A partnership of right-wing and religious parties gives the incumbent prime minister 65 seats in the 120-seat Knesset, according to a poll announced on public broadcasting.
By World Israel News Staff
A public opinion poll just released by Israeli public broadcaster Kan is showing an increasing lead, ahead of the April 9 Knesset election, of parties which are considered likely to join a government coalition headed by the incumbent, Prime Minister Benjamin Netanyahu.
The prime minister’s own party, the Likud, would not finish first, according to the survey, conducted for Kan by the Direct Polls company.
Blue and White, headed by former military chief Benny Gantz, would win 30 seats in the 120-member Israeli parliament, and the Likud would earn 28 seats.
However, the total number of seats of parties considered natural Netanyahu partners reaches 65 in this new poll.
Previous polls which had shown that the outgoing government partners would not garner a parliamentary majority prompted Netanyahu to urge smaller right-wing parties to run together in the April vote.
The Union of Right-Wing Parties, an electoral list which merged at the behest of Netanyahu, would earn five seats, according to the latest Direct Polls survey.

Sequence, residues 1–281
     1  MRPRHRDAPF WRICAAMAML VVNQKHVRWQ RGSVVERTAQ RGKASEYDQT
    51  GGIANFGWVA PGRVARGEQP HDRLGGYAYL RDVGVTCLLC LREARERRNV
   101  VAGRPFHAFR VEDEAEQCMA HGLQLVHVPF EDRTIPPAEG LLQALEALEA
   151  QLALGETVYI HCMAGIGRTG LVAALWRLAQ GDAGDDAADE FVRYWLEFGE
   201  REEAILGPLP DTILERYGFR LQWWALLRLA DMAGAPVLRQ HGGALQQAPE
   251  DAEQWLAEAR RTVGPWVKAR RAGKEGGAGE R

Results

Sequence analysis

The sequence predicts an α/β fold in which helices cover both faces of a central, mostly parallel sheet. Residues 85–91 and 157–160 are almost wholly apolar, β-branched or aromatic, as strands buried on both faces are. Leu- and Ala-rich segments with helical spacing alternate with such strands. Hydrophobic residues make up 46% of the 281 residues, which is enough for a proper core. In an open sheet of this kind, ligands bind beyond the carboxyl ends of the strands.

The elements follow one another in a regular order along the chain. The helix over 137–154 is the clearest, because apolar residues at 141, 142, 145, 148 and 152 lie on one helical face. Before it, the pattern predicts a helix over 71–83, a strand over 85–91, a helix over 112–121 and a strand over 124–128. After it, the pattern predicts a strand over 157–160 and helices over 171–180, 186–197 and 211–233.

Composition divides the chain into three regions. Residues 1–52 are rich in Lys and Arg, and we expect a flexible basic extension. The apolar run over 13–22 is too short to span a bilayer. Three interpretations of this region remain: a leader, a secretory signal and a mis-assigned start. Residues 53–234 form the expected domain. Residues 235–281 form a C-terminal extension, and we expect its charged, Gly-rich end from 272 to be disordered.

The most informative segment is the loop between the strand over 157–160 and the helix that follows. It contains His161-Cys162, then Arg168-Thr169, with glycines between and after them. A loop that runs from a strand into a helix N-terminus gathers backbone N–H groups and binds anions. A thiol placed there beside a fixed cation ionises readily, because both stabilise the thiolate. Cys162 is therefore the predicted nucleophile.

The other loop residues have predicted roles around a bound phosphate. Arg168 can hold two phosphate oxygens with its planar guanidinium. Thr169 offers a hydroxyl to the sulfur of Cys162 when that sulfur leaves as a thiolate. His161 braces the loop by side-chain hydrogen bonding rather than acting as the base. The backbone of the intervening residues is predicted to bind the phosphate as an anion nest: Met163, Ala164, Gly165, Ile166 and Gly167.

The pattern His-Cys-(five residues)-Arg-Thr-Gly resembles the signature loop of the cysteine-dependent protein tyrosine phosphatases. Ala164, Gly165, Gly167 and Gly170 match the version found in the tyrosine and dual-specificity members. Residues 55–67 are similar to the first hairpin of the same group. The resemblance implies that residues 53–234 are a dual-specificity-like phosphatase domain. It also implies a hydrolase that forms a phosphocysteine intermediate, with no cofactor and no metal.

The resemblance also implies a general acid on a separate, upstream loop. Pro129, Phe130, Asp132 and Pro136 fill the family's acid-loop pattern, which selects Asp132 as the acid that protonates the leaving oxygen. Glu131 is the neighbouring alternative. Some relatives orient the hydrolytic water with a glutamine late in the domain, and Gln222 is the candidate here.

The majority predicted for the prime minister is comprised mostly of current coalition members. A new party, Zehut, headed by former Likud MK Moshe Feiglin is shown as winning six seats. A big boon for Netanyahu is the improved showing of a party headed by Finance Minister Moshe Kahlon, which had earlier disappeared from the political radar by not receiving enough support in opinion polls to enter the Knesset, but is now posted as winning six seats.
In addition to right-wing parties, a Netanyahu coalition would also include religious factions.
Weighing against Blue and White’s chances of forming a government is that such a coalition would be dependent upon Arab MKs, or what are known as non-Zionist parties. Until now, such parties have not officially joined Israeli governments, though in some situations, agreements have been reached to receive their support from outside the governing coalition.
Other partners to a Gantz-led government would include the center-left Labor and left-wing Meretz parties, which win only a combined 13 seats, according to the Direct Polls-Kan survey.